Last week, British Prime Minister David Cameron went before parliament to request support for the UK joining airstrikes against Islamic State in Syria. There could well be a vote within the week. This, however, is not the first time that Cameron has attempted to get parliament to back military intervention in Syria. In August 2013, when Cameron lost the parliamentary vote to initiate airstrikes in Syria, it had been with the intention of bombing Assad.

Critics of Cameron’s policy have rather disingenuously claimed that this is an indication of a shambolic and contradictory strategy; that where once Cameron wanted strikes against Assad, he now wants strikes against the people fighting Assad. But of course, it was the failure to intervene against Assad and to stop the anarchy in Syria the first time around that contributed to the conditions out of which Islamic State soon arose.

The criticism that Cameron will find harder to answer, however, will come from those wanting to know what the long-term strategy for Syria will look like. And that’s something that even Cameron’s own members of parliament are concerned about. Indeed, even as public sympathy for bombing ISIS has increased in the wake of the Paris attacks and the bombing of the Sharm el-Sheikh flight, there is a clear sense of unease about the lack of overarching strategy. And these reservations are not exactly unfounded. Even if Cameron manages to bring his country into the grand anti-ISIS coalition that French President Francois Hollande is so eager to assemble, there is no real sense that anyone would be prepared to commit the ground troops needed to defeat ISIS definitively, or to commit to stabilizing Syria post-ISIS.

The plan put forward by Cameron talks in vague terms about having a stronger moderate opposition, about the need for a political process for Syria, about backing representative government for the Syrian people, and about participating in humanitarian activities in a post-conflict Syria. But this is a list of desired outcomes, not a clear and credible outline of what the UK will do to achieve them. Even the more hawkish members of Cameron’s parliamentary party will be aware of the danger here, and already the opposition is adopting the argument that airstrikes without a wider plan could do more harm than good as a means to derail the prospect military intervention altogether.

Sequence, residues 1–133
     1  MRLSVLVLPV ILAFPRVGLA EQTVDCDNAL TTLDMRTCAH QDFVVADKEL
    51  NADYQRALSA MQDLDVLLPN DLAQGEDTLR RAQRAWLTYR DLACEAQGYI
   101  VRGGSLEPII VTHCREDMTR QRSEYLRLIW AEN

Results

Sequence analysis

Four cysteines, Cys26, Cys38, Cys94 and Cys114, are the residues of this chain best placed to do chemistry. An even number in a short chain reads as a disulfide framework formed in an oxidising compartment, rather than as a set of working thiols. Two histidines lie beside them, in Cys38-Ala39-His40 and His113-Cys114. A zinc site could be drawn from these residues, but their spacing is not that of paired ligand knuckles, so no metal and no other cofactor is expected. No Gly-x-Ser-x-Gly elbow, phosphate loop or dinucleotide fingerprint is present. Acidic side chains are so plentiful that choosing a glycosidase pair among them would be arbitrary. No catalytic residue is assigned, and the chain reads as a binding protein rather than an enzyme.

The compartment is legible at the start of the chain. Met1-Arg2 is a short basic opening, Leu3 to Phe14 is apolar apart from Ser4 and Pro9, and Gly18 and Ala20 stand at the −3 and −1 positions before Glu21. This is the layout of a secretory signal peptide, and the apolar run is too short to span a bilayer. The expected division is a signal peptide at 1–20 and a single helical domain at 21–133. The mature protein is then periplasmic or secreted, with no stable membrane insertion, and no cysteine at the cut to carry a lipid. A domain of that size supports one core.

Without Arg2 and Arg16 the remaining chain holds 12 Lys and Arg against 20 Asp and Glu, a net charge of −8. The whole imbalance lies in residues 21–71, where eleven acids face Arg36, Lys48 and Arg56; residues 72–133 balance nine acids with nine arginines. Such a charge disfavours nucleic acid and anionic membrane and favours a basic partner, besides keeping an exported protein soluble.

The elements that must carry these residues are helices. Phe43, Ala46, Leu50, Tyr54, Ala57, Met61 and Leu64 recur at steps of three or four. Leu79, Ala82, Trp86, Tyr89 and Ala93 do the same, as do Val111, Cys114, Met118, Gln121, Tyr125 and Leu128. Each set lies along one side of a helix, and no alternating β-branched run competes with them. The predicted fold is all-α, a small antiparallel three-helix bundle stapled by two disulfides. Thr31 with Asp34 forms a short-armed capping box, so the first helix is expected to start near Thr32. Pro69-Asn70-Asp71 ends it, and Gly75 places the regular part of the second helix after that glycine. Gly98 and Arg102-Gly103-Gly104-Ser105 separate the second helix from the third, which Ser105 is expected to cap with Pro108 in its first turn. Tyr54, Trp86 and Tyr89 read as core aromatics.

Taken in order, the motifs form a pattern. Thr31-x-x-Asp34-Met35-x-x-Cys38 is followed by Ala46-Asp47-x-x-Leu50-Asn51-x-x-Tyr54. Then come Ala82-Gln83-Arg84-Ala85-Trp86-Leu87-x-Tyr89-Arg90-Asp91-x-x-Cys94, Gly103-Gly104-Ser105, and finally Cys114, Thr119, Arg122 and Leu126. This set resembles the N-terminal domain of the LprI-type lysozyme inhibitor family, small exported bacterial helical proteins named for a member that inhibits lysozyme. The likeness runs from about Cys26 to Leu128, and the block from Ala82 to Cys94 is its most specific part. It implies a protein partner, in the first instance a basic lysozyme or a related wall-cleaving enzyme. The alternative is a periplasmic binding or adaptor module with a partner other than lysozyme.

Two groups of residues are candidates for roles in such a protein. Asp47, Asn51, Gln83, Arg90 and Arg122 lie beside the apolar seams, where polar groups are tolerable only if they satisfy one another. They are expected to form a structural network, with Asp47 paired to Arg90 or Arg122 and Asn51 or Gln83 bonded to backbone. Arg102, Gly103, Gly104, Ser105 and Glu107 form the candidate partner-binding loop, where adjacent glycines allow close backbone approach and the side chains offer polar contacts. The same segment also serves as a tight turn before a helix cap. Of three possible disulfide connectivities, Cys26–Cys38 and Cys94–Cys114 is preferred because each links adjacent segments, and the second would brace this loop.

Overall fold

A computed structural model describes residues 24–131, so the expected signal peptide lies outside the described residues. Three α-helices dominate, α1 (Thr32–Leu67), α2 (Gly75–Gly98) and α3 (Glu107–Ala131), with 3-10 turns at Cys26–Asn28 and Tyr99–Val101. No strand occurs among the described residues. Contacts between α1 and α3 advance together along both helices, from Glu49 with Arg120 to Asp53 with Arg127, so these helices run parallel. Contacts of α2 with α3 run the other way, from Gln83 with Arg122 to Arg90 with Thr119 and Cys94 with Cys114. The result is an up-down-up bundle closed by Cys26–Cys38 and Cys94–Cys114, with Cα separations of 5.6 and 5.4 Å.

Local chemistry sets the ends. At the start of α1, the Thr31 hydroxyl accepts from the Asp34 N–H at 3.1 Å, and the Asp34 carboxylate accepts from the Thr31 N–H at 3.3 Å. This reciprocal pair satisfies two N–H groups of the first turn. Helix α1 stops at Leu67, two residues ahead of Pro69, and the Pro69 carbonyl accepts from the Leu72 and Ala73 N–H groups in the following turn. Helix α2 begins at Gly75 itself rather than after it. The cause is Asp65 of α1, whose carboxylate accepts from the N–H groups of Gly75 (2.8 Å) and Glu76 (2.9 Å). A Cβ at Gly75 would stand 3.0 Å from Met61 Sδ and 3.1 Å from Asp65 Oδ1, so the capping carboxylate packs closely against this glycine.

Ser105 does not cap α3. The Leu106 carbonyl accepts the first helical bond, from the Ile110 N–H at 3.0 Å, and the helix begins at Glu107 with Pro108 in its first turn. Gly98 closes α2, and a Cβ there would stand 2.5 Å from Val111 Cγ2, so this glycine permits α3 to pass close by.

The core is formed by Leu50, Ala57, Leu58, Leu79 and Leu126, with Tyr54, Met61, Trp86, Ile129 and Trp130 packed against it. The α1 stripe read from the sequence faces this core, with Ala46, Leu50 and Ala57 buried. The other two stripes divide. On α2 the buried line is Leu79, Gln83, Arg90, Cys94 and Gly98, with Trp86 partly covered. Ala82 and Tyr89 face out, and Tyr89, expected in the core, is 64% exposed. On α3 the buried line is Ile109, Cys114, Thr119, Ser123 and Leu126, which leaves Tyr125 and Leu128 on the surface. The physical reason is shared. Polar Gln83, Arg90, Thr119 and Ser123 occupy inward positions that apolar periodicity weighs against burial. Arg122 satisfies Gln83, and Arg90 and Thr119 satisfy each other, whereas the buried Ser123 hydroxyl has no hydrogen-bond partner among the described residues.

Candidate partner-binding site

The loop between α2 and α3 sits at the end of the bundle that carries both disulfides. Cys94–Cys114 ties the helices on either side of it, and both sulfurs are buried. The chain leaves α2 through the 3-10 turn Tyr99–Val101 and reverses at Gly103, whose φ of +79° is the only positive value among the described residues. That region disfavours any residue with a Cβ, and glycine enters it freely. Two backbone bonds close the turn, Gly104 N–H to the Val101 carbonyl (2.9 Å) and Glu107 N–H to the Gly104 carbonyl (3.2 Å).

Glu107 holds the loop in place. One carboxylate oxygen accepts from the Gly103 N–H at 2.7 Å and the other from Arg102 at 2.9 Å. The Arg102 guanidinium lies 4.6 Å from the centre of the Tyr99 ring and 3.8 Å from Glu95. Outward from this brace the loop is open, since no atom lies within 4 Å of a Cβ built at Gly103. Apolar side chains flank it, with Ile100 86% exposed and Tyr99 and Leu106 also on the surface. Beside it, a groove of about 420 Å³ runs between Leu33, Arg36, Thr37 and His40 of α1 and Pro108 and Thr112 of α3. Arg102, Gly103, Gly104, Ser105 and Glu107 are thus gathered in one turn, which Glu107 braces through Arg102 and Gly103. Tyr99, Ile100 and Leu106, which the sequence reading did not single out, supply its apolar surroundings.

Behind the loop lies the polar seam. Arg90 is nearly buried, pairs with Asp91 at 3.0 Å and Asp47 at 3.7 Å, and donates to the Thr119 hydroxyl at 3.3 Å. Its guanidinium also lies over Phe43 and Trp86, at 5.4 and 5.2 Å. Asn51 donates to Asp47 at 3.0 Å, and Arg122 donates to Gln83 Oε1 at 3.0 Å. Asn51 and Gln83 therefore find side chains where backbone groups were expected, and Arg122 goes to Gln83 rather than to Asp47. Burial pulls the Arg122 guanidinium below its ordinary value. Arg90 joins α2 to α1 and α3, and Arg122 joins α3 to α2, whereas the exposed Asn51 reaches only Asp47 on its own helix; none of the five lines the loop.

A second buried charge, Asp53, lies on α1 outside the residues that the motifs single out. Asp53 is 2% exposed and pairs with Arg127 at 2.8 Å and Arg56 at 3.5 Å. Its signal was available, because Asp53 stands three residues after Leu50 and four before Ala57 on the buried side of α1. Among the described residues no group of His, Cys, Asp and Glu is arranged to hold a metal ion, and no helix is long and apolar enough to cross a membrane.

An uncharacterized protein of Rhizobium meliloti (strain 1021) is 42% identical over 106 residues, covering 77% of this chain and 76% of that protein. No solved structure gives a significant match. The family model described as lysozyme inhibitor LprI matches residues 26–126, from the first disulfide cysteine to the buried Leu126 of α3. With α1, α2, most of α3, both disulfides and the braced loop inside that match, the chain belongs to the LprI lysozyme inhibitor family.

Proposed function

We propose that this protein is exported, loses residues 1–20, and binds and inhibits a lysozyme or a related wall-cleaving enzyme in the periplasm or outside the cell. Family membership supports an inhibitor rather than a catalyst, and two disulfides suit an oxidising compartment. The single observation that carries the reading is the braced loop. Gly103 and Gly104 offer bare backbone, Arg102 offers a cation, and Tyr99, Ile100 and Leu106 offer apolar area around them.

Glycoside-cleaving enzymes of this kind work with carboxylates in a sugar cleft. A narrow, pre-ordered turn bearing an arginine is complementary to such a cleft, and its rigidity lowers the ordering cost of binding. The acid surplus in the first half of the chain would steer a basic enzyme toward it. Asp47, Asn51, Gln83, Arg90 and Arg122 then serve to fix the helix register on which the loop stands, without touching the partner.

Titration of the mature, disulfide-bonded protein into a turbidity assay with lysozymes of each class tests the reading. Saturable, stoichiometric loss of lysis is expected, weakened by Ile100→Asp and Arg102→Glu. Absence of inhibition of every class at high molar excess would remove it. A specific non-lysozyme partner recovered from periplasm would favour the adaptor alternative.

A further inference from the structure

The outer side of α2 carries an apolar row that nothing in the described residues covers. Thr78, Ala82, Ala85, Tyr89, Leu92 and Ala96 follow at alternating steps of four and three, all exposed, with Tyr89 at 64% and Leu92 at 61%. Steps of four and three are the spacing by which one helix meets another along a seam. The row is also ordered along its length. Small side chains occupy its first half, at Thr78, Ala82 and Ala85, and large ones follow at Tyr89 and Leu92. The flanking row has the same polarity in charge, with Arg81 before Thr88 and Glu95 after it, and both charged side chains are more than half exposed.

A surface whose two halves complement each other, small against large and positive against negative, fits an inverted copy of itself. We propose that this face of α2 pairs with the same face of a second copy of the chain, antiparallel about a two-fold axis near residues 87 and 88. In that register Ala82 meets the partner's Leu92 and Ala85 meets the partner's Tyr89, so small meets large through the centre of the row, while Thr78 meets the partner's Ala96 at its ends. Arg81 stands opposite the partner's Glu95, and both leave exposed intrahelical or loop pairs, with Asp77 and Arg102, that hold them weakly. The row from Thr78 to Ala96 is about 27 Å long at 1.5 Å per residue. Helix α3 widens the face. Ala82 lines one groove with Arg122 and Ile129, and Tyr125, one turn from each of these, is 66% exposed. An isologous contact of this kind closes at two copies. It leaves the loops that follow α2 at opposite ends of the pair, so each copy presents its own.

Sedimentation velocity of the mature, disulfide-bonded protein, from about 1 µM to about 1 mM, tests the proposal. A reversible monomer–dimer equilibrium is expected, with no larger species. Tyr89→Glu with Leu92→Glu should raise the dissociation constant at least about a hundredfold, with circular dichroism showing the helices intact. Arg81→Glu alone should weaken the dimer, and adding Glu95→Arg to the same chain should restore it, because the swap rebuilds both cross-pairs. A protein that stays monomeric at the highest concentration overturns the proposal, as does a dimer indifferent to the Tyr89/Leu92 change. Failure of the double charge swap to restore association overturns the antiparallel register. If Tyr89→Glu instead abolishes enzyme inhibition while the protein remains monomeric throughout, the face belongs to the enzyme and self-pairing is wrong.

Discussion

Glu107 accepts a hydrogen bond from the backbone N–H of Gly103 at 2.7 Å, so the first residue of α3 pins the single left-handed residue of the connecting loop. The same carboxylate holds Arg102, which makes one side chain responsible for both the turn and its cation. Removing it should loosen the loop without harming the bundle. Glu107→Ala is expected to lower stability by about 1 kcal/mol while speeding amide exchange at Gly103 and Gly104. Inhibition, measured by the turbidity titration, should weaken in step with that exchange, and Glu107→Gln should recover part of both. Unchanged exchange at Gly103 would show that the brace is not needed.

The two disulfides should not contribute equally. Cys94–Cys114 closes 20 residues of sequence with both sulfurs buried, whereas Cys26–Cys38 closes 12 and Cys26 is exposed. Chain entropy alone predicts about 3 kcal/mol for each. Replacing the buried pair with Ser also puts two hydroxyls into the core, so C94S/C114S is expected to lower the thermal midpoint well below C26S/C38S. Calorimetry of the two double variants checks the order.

Cameron also risks losing the debate if those arguing for intervention in Syria continue to make the case exclusively in terms of immediate domestic security concerns. The argument being made is that ISIS must be defeated because it poses a security threat to Brits at home. But already detractors are pointing to the Paris attacks and the bombing of the Russian plane from Sharm el-Sheikh to argue that it is those countries intervening against ISIS that are actually putting themselves most at risk.

This is why the argument for intervention in the Syrian civil war must be made on the grounds that it always should have been; the defense of international security, stability, and order. This may be a tough sell because of how vague of how far-reaching this sounds to the public and policy makers alike. But if the last four years of Syrian catastrophe tells us anything, it is that anarchy and power vacuums are not containable. Nor are they something that we can isolate ourselves from. The migrant crisis alone is waking Europeans up to that. So, as unpopular and seemingly abstract as talk about restoring and maintaining international order may be right now, it is the only approach that would have any hope of getting a grip on the chaos that has been engulfing the Middle East and North Africa, and that is now encroaching into Europe.

Onlookers may question what difference British strikes against ISIS would make at this stage. After all, the UK has significantly scaled back its military, and it is not as if there are targets in Syria that America and France aren’t already perfectly able to hit. Ultimately, the significance of British intervention comes down to a question basic moral duty and the fact that it is only right that Britain helps share the burden of combating the evil of Islamic State.

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